Sink and Destroy

I thought this book was going to suck and I was proven horribly, amazingly wrong. Is this going to make me less of a snob about these books? It should!

Sink And Destroy: The Battle of the Atlantic, Bill O’Connell, North Atlantic, 1940, Edward Kay, 2014.

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I’m the worst. This is the second I Am Canada book I have read, and I thought they were going to be awful, but I’ve been very favourably impressed by both of them. I should get my act together and read the rest of them now! I will, when I get there, it’s just that I’m so horribly bored by most of the topics that it takes me forever to even crack one open. Anyway, this one is great. But full disclosure, I wrote most of this review while watching Das Boot, because it reminded me how much I liked it, and also because I used to love that movie. That was my favourite movie! What was wrong with me? What 20-year-old girl’s favourite movie is Das Boot? This does not say anything good about my psyche, I’m sure.

Another full disclosure: the first good chunk of this book is pretty dull. It does take a while to get going. There’s this whole boring segment where Billy is fishing away, which is how you know some bad shit is going to go down. Whenever there’s an idyllic family fishing scene you just know people are going to die or have something brutal happen. Anyway, Bill is a poor kid from Iroquois, which is right on the St. Lawrence River, who has two older brothers, a younger brother, and a younger sibling. He works on a merchant ship as a teenager, and there’s several boring pages that more or less just recap the war. Invasions, bombings, blah blah blah. Things finally get going when Bill enlists in the navy, much to his parents’ dismay, and we’re finally off!

He gets shipped off to Halifax for basic training, and the usual: it’s crowded, it’s hard, it’s gross living with a thousand other dudes, you know. He gets sent to gunnery school and is attached to the crew of the Wildrose, which is a corvette, and he and everyone else are horrified to see that it’s basically just a floating bucket. And I mean, the corvettes weren’t the most attractive ships in the world, but I can’t imagine you would feel great making your way through all that training and getting posted to a little boat with just one big gun. They pack a hundred dudes on this ship to go to the UK, and the galley is described as “about the same size as the cooking area in a typical family home. It had a four-burner stove, an oven, and a countertop about 6 feet long.” Now go look at your own kitchen, and imagine trying to cook for a hundred men three times a day in that thing. Luckily, or not luckily, everyone is wildly seasick and not so interested in food for the first several days. Including a notable interlude where Bill vomits into his own cap several times to avoid vomiting on his superior officers. It’s oddly charming, if gross.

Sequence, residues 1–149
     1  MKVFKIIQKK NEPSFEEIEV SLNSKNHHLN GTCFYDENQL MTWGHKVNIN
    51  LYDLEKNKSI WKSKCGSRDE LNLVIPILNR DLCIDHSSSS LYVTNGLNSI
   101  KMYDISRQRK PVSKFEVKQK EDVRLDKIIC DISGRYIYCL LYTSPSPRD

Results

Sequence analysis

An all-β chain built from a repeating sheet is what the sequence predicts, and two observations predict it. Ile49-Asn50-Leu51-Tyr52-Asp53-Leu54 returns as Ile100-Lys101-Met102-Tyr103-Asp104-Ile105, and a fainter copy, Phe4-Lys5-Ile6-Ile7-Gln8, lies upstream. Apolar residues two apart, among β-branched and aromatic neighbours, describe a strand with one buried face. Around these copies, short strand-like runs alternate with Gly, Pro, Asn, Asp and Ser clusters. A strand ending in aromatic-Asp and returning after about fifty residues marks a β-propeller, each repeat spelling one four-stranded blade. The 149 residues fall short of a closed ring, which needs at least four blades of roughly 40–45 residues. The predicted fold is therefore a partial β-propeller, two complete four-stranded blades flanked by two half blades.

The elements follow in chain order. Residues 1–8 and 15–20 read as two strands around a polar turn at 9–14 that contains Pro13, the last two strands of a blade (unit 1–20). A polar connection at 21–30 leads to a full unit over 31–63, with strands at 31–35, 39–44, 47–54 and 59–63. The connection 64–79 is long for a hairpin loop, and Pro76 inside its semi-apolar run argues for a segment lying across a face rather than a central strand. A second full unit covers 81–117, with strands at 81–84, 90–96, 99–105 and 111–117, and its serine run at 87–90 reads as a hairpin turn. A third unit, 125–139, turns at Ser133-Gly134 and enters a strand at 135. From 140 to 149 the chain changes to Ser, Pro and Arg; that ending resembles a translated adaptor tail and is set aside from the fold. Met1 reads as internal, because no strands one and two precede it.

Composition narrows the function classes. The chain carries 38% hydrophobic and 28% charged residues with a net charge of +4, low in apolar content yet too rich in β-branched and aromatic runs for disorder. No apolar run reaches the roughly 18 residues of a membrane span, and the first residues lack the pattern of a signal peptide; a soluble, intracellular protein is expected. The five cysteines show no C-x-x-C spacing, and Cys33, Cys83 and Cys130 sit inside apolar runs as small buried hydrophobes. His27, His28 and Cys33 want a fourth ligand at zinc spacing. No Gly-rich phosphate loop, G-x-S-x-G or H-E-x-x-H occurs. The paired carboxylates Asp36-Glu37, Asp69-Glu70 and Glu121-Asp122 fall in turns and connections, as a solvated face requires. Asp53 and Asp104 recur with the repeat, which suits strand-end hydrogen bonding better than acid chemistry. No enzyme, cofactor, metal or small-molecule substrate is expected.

On top of that, water gets absolutely everywhere, so nothing is ever dry. “I had to master the art of sleeping in wet clothes, under a wet blanket. Fortunately, because they were wool, they would warm up quickly, so I tried to think of it as a hot, wet cocoon.” Just imagine the smell of this ship for a second. They do make it safely to Scotland, where they’ll be training at Greenock, and Bill meets a nice Scottish girl named Aileen. They go out while he’s in Greenock for a couple of months, she seems nice, Bill qualifies as an anti-aircraft gunner, and then once he’s done he has to get back on that damn Wildrose and head back to Halifax.

Turns out in Halifax everyone hates the soldiers and sailors, and they receive a very poor welcome there. He’s baffled by this, but I live in an army town and I can tell you why: because young men in quantity are horrible, and they drink and smoke and trash places and treat people horribly. But Bill is such a nice, naïve dude that he doesn’t realize, and instead just putters along writing to Aileen and his parents. By this point it’s the end of 1941, and they’re all excited when America joins the war. Not thrilled by Pearl Harbor, of course, but just pleased that this may speed things up a bit. Bill and his buddy Ken are assigned to convoy duty and head back to Scotland, and along the way they actually engage with some U-boats! It’s horrible—one of the merchant ships is torpedoed and goes down while they can do nothing but watch as men drown and die horribly.

They make it back to Scotland safely, though upset, and Bill goes to meet Aileen’s family and has a nice time while recovering. He gets sent back to Halifax in February, and as anyone could tell you, the North Atlantic is not a nice place to be at that time. I guess if you ask Bill, the only upside of a winter crossing is oh wait there is no upside. Everything is awful, the ice collects all over the deck and the guns and everything else, they watch a Greek merchant ship just capsize because it’s so heavy with ice, and on top of everything the sea is so violent that everyone is even sicker than they ever were before. So they have to chip frozen puke off of stuff, too. This would be an amazing book for a 14-year-old boy but I have to confess it is making me a tiny bit ill to read about that much vomit.